There is a twist of sorts at the end,
but reading your way might better than just
scrolling down to the end. Just saying.
There is an article in the Edmonton Journal called, Opinion: Don’t Rush to Boost the Minimum Wage (read it). The topic is front and centre in the minds of many because of the NDP’s stated objective to raise the minimum wage from $10.20 to $15.00 by 2018. It’s a big jump and of course has a range of implications.
Just what those implications are is contextual to what lens we are looking through. Small businesses, for example, may have a hard time paying $15.00 per hour, especially when they are small business entrepreneurs are trying to build a business and make their own living from it. As the Journal points out, fast food places worry about the wage hike and how it might affect prices and consequently their businesses.
What about the impact on students trying to find summer work or part-time work during the school year? What about restaurant servers that get a wage plus tips. Should they get the same minimum wage as someone who does not get tips?
One suggestion mentioned in the article has to do with exploring the notion of a gradated minimum wage that increases with a person’s age. For example, the wage might be lower for 16 to 18 year olds but be higher for 22 to 26 year olds. This is done in the Netherlands and might we worth a review by our government.
The Chamber of Commerce, according to the Journal believes that “such a dramatic wage increase is not a one-step solution toward poverty reduction. If combating poverty is the goal, what is needed is a multi-pronged approach involving social programs, housing and taxation levels.” Apparently, as well, chambers around Alberta are pitching to the government that the annual adjustments to the minimum wage should be based on the Consumer Price Index.
Tying the minimum wage to the CPI might be the way to go if – and I stress if – we were starting with an adequate minimum wage.However, the CPI is an aggregate index. There are some cost drivers families experience that are not fully reflected in the CPI or at least are not experienced in an aggregate fashion. The cost of accommodations is one; food is another. For example, between 2000 and 2010 the cost of rental accommodations in Edmonton rose on average 75%. That’s 7.5% per year on average, far higher than any CPI increase in any of those given years.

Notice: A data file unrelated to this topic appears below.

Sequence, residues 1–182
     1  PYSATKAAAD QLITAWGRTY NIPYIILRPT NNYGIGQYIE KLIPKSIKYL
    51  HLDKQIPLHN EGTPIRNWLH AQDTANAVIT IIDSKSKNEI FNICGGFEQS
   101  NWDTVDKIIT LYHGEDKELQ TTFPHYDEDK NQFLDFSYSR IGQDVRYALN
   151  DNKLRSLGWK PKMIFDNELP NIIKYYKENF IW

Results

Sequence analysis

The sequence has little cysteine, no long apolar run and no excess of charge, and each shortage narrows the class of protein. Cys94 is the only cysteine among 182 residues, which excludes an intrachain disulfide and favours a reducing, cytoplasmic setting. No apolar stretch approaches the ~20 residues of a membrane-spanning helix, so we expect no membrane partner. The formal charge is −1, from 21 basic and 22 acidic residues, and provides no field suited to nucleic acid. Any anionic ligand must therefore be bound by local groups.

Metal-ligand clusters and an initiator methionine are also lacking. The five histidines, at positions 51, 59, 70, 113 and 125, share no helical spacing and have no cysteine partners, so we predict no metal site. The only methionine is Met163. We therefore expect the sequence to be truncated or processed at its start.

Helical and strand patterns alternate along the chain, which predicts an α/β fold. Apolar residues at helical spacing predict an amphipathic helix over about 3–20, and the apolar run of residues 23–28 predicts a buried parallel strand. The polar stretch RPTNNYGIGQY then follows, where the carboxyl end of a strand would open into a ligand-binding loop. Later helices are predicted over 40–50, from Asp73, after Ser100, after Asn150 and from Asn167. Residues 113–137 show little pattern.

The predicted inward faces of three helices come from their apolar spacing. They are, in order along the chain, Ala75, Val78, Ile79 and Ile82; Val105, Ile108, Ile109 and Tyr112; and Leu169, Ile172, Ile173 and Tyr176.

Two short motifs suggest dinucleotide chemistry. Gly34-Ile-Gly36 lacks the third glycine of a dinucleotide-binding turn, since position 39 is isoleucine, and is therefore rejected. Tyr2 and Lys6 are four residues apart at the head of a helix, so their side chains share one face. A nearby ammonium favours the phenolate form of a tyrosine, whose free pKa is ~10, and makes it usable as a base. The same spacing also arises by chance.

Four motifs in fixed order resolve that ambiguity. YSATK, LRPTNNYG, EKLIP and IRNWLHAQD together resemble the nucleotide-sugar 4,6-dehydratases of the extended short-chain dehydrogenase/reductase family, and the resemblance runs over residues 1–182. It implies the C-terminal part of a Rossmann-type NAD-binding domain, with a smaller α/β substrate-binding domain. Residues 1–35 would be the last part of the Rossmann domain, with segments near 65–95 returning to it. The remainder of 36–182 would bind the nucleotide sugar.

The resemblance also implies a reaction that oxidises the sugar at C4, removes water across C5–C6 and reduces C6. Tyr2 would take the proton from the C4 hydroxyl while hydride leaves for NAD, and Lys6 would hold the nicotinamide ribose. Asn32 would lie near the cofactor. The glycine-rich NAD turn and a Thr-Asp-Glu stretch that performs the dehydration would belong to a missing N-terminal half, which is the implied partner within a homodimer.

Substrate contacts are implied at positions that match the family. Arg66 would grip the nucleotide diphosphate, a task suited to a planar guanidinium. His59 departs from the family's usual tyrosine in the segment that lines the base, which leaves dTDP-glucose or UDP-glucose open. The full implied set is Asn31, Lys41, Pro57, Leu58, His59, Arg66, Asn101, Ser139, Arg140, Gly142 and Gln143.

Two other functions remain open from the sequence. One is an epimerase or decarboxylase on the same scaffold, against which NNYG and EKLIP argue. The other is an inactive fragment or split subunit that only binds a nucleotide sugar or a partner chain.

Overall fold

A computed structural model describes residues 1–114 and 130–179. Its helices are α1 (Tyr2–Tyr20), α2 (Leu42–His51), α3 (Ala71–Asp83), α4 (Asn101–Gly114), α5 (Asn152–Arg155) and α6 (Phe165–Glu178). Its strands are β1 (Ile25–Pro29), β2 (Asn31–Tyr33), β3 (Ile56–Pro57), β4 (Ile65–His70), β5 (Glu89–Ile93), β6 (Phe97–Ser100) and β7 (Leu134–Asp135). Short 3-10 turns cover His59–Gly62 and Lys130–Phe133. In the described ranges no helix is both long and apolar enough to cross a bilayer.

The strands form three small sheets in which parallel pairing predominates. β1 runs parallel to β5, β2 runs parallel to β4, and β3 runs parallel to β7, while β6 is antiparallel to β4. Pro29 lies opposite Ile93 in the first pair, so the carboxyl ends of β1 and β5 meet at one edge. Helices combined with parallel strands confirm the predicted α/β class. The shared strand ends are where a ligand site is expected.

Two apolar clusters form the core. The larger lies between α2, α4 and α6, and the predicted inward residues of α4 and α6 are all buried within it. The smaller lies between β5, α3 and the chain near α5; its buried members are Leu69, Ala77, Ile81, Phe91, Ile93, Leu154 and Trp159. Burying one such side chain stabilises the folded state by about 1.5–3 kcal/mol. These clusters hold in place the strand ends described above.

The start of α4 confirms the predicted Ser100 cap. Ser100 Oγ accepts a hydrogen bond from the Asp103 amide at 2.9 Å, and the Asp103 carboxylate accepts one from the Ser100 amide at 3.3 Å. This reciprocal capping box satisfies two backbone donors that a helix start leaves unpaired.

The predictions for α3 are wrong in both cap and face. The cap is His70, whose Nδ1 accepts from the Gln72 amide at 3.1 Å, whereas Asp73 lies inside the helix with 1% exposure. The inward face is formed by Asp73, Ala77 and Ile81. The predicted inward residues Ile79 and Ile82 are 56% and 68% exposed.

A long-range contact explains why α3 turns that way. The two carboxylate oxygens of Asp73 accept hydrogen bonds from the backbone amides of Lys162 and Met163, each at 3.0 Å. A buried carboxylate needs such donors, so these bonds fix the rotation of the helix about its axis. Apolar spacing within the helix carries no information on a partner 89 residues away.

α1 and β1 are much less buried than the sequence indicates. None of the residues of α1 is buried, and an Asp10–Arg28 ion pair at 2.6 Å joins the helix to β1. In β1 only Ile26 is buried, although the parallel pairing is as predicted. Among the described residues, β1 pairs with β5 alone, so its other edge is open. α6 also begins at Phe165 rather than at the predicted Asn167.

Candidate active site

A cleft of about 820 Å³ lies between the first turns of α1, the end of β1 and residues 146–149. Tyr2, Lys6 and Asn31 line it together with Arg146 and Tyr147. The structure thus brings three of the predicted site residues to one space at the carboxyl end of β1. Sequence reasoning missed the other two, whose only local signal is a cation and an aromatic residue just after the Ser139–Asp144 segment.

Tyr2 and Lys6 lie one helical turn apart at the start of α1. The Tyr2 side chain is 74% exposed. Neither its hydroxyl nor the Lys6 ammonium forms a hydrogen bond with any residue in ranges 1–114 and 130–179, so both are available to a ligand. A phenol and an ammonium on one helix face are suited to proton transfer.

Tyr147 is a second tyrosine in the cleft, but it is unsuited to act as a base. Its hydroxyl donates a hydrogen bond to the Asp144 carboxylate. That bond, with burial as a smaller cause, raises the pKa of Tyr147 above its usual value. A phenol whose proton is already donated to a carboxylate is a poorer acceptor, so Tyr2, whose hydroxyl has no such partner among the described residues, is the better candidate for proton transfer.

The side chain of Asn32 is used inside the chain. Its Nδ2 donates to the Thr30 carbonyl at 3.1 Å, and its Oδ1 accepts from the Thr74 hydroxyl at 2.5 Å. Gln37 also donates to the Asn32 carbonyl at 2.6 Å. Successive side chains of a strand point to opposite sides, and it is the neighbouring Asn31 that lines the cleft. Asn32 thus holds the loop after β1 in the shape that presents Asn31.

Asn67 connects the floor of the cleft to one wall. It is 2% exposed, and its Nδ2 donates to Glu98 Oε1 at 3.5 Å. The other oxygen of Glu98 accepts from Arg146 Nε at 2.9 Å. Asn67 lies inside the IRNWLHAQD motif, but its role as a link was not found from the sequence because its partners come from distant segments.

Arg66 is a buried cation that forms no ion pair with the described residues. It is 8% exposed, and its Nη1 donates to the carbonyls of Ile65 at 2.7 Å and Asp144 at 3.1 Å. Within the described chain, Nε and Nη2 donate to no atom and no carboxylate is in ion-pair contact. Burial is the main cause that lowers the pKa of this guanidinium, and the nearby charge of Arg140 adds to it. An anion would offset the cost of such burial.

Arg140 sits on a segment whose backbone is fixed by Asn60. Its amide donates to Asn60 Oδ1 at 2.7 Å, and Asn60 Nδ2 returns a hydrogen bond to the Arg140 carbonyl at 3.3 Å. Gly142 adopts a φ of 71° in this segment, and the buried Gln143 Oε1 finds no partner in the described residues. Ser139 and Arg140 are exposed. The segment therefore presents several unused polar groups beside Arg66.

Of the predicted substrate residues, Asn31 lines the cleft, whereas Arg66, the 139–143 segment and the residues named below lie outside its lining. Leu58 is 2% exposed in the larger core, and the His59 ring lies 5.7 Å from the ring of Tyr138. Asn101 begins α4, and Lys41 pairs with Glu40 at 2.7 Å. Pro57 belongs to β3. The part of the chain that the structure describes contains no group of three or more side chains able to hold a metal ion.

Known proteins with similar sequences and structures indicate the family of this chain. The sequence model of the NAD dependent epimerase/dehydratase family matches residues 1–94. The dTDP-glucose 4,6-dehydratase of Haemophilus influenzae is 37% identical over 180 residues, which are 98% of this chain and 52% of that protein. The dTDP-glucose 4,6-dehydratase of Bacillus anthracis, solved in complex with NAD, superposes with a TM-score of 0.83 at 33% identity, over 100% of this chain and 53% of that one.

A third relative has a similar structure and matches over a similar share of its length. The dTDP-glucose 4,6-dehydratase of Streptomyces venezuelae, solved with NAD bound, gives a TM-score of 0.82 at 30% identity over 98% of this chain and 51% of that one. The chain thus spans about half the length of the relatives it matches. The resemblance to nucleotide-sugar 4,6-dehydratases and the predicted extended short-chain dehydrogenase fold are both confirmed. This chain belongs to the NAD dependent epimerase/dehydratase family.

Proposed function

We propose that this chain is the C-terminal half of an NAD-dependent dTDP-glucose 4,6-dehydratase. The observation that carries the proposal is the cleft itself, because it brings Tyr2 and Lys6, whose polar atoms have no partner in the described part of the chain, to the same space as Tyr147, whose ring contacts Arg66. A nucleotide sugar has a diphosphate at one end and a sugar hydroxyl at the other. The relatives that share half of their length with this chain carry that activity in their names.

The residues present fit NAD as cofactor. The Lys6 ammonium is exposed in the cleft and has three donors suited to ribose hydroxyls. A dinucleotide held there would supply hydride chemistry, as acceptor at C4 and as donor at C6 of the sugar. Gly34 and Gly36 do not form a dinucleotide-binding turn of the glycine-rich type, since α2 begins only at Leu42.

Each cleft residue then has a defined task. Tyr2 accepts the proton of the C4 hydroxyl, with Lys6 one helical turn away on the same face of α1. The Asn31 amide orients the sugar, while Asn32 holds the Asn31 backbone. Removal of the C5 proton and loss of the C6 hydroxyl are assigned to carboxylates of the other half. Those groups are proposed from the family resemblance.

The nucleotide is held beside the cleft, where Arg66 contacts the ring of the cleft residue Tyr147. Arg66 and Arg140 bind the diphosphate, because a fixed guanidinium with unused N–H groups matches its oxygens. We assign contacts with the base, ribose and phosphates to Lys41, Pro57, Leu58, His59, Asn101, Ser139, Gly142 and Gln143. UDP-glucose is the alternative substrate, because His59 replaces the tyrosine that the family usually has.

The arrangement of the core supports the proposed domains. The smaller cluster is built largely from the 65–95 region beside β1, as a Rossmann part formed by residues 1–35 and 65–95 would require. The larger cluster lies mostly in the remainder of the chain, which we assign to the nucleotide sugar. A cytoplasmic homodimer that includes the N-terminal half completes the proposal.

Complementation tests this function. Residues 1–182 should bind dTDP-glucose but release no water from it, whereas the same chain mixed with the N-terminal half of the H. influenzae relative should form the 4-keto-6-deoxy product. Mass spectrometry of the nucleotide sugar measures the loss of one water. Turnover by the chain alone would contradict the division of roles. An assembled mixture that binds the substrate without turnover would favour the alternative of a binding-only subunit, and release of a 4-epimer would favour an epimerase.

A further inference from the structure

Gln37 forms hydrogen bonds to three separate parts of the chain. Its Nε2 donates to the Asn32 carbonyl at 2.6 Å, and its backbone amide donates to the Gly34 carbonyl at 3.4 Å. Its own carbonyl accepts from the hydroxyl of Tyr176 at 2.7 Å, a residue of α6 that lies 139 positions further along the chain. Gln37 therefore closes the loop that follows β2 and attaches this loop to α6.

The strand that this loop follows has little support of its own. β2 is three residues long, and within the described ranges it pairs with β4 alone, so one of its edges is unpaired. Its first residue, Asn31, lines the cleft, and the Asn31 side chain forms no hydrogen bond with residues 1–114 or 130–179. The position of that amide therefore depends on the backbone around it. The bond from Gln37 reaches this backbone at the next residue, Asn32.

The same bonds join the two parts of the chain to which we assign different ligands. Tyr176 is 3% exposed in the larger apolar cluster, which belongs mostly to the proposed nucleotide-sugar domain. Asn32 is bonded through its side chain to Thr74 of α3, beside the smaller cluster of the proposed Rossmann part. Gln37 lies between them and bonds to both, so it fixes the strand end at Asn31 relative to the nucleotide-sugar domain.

The Chamber is correct that the minimum wage, by itself, will not eliminate poverty. It is true we need multi-pronged approaches, but my guess is the expectation of chamber members would be that this “multi-pronged” approach would somehow keep the minimum wage lower than planned by the government.
Yes, social programs are needed to address poverty, but not just to ameliorate its effects on people. More affordable housing and special purpose housing for those with mental illness, disabilities, large families, and the addicted are needed, too. And yes as well to taxation levels, though my recollection is that most businesses don’t want to pay higher taxes. That said, higher taxes don’t necessarily translate into living wages or a better minimum wage. We do know that keeping corporate and personal taxes low hasn’t fueled the economy sufficiently enough to help end poverty either.
In other words, what is good for business is not automatically good for the poor and the thousands of workers earning insufficient income at jobs that offer zero benefits and little job security.
The one perspective missing from the Journal article is that of one earning the minimum wage. For those receiving the increase, it could mean no longer having to depend on the food bank, no longer choosing between utility bills and medicine for a sick child, no longer sending one’s children hungry to school. How many would no longer require welfare payments?
One of the fundamental questions, which I agree requires a multi-pronged approach to address, is how can we build and sustain an economy that works for the majority? With so many people living in poverty and as many more living pay cheque to pay cheque; with so many living without health and dental benefits, much less any kind of retirement benefit; with so many young workers forced to share living accommodations and the insecurity of such an arrangement; and with so many who call the street their home, who really believes our current economy is working for most of us?
I don’t know how the NDP settled on $15.00 per hour as their goal. It’s below what many think is a living wage — approximately $16.00 to $17.00 per hour. Nevertheless, it is a radical move. I trust our new leader does not see this as a facile undertaking, and my guess is the NDP does have a multi-pronged approach to ending poverty. And perhaps it has a few ideas on how to change our economy and how to address the growing problem of income inequality.
What I do appreciate about the announcement the government made about its plan was that it announced it right away. That’s a strong, bold statement because it suggests, at least to me, that for the first time in a long time, if ever, the minimum wage question has become bigger than how it affects business and profits. I do not recall a Chamber of Commerce ever itemizing the negative impacts of the current minimum wage on people and their families. If I am wrong, please correct me.
The plan is a people-focused plan or perhaps a better way of saying it is “people first.” Of course I do realize that businesses of all sizes add value to that principle.
But here’s the twist for you.
Instead of promoting an economy that is based on the premise that what is good for business is good for people, perhaps we should promote an economy based on the premise that it should be good for all people which should then drive social and economic policy and decisions.
That’s not only a sift in emphasis; it is a shifting of power.
And there’s the rub.